Land and water resources development company Cadiz, water treatment company ATEC Systems Associates, and international engineering firm CH2M have announced a strategic alliance agreement for the expanded use of a California Division of Drinking Water-approved technology for the treatment and removal of Chromium-6 (CR-6) from drinking water supplies.
The partners say the ATEC technology will also enable the economical treatment of water made available by the Cadiz Valley Water Conservation, Recovery & Storage Project for naturally occurring CR-6 prior to its entering the Metropolitan Water District of Southern California’s Colorado River Aqueduct, the proposed primary water transportation conduit to the project’s participating water providers.
After considering various treatment strategies, Cadiz engaged ATEC to conduct pilot treatment tests at its existing wells. Pilot tests at the Cadiz Water Project area were overseen by CH2M and subsequently peer reviewed by multiple drinking water professionals. The results demonstrate that the ATEC technology can cost-effectively remove CR-6 at the wellhead to a level substantially below the new California CR-6 standard. A secondary benefit of the new treatment technology is the removal of arsenic, although project water is already below current arsenic standards.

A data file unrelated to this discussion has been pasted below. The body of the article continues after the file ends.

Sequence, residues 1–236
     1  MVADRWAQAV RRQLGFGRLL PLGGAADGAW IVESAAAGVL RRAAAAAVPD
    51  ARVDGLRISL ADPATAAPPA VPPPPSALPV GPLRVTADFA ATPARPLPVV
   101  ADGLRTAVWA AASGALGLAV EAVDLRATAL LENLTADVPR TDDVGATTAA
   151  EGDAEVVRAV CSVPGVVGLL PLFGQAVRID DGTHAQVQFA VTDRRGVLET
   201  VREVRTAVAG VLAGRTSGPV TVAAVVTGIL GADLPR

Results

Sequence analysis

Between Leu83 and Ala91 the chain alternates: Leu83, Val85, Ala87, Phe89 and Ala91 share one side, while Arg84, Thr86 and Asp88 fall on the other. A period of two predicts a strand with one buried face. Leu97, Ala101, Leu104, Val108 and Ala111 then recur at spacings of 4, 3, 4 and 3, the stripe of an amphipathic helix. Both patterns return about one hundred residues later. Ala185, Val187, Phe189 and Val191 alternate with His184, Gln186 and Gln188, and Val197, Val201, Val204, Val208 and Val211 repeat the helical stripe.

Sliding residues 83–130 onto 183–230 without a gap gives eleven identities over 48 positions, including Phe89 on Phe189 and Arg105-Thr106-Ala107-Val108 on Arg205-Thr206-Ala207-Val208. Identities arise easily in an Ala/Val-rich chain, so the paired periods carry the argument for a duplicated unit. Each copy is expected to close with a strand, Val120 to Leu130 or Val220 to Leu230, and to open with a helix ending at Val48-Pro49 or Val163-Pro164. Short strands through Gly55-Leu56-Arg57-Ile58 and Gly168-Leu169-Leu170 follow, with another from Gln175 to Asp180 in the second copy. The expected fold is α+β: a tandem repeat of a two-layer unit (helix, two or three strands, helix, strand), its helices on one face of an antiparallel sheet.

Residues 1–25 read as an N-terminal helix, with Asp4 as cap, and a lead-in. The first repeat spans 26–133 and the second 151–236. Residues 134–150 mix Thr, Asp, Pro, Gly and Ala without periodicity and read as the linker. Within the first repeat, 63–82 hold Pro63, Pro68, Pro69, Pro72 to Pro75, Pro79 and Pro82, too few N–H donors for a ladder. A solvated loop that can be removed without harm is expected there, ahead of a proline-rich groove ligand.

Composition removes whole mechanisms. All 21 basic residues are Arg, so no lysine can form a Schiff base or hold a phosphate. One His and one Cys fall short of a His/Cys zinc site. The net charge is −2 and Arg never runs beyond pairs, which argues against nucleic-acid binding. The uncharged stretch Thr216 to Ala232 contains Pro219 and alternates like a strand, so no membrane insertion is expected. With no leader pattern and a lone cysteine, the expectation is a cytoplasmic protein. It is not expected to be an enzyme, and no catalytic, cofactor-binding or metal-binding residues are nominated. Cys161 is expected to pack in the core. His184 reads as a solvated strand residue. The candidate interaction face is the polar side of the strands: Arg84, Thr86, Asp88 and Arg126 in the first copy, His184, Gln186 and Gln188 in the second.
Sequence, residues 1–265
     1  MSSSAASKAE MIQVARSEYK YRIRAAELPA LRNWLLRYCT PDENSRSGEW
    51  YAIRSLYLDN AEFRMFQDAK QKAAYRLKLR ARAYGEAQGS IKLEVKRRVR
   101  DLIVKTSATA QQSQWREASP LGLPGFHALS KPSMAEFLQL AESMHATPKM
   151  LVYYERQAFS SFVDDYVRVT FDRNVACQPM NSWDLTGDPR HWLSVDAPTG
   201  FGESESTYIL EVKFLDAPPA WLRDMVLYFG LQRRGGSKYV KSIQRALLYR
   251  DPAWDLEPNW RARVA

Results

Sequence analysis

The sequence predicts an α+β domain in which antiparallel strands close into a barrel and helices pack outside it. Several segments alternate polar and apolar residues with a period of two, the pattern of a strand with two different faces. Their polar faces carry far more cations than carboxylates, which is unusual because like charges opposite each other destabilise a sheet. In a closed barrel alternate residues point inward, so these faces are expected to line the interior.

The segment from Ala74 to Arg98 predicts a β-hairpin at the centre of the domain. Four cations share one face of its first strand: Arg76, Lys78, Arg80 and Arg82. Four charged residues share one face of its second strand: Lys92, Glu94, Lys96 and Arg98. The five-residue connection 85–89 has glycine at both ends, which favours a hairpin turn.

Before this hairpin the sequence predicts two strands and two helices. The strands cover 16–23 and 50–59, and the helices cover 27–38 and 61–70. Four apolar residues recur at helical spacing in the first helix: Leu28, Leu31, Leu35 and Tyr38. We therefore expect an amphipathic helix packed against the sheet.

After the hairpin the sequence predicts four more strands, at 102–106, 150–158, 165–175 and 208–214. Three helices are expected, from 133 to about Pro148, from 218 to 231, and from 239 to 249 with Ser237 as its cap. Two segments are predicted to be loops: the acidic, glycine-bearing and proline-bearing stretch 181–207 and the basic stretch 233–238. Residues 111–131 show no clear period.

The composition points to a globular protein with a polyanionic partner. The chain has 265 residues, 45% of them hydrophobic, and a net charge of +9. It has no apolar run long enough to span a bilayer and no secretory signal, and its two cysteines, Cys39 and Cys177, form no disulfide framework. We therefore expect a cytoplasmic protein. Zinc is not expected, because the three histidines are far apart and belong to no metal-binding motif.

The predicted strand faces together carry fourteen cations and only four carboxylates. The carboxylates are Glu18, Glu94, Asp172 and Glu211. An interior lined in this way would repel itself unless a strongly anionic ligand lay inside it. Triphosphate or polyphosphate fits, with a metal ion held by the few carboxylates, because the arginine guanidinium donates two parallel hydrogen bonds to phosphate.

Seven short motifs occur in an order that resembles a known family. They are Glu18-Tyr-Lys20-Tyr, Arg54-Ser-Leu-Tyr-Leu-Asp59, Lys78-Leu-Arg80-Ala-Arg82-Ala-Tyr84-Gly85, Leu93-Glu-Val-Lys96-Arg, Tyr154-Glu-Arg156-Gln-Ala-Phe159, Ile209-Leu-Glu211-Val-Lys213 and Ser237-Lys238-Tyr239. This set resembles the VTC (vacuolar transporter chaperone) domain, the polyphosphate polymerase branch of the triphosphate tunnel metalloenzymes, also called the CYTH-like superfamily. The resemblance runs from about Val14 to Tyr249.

ATEC’s says its technology is also applicable to many similar groundwater basins in California and elsewhere. Through the strategic alliance, Cadiz, ATEC and CH2M will work to present the technology to other water providers that must comply with the new standard in an effective and cost-effective manner, the companies say.